“It was hard adjusting to a different environment and way of life. But it was all worth it. My son bonded with his dad. We had great experiences being in a foreign country. Eventually, we all moved to the U.S.

“Challenges in life are bearable when you are with your loved ones. Being together helps us get through ups and downs. Being together makes a big difference,” said Guillermo.

Teaching love to kids, Castillo became a donor

Music teacher Christopher Castillo changed the life of Cyehnna Lasconia in a remarkable act of selflessness.

Cyehnna contracted E.coli, a day after being born. The infection left her with a dysfunctional kidney and she was on a transplant list awaiting a match for a replacement kidney. She suffered from seizures and without a healthy kidney, she would have been on dialysis for a lifetime.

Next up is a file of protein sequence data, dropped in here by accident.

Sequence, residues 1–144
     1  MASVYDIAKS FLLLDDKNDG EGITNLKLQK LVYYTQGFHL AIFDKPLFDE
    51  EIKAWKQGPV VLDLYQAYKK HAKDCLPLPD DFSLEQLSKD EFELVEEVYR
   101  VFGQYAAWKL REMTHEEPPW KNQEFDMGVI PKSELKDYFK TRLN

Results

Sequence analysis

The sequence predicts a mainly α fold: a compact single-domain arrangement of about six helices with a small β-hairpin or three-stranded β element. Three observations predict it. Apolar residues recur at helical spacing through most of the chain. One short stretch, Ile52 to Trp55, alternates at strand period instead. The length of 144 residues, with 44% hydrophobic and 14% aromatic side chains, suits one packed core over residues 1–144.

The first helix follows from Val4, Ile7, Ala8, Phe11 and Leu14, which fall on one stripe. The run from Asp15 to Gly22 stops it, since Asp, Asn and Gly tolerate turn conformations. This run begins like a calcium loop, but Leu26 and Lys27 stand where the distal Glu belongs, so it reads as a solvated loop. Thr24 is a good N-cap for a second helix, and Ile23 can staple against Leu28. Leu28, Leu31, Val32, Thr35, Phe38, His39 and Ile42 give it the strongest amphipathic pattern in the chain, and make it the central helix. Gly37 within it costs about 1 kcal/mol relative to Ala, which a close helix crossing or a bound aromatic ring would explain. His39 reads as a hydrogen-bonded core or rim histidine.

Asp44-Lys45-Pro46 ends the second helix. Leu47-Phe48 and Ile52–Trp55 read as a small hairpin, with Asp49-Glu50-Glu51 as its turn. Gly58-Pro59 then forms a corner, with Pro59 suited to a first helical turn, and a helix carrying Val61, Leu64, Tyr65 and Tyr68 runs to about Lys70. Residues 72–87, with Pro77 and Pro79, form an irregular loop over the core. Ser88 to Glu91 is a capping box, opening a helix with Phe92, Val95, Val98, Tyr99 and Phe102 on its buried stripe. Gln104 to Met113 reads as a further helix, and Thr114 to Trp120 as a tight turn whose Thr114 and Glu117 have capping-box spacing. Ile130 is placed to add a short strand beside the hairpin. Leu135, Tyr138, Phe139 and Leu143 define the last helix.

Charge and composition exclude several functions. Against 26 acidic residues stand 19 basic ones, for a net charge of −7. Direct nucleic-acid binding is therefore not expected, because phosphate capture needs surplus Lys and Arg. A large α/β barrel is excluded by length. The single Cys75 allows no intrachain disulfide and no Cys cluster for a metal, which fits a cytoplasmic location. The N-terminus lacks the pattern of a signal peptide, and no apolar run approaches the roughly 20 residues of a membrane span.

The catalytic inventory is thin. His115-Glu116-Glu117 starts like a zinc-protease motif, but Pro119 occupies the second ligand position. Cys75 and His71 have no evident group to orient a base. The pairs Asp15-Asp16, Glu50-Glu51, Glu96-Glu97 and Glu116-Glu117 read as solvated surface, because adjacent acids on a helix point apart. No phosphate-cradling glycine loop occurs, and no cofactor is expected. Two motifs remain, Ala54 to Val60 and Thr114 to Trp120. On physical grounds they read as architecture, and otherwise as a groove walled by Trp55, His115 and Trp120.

Castillo met the Lasconias at a family party. At the time, he was just coming off a disappointing experience of attempting to donate bone marrow to a child. But that child passed away. Castillo offered to help Cyehnna and donate his kidney.

“I teach my kids to make the world a better place. What better way to show that commitment, than to do this?” said Castillo.

Soon after meeting for a first time at the party, they underwent a successful surgery. Since then, the two share a deep bond and enjoy a wonderful “uncle-niece” type relationship even though they are not blood relatives. Cyehnna was given a gift to live out a healthy life; Castillo taught his students how love can make a difference in bettering the world.

Happy Valentine’s Day

Love shows itself in a myriad of ways, most usually in relationships that require work and responsibility. Rekindling the “passion” in a loving relationship is what many couples do for Valentine’s Day. But the month of love could also be a celebration of all loving relationships. Happy Valentine’s Day! e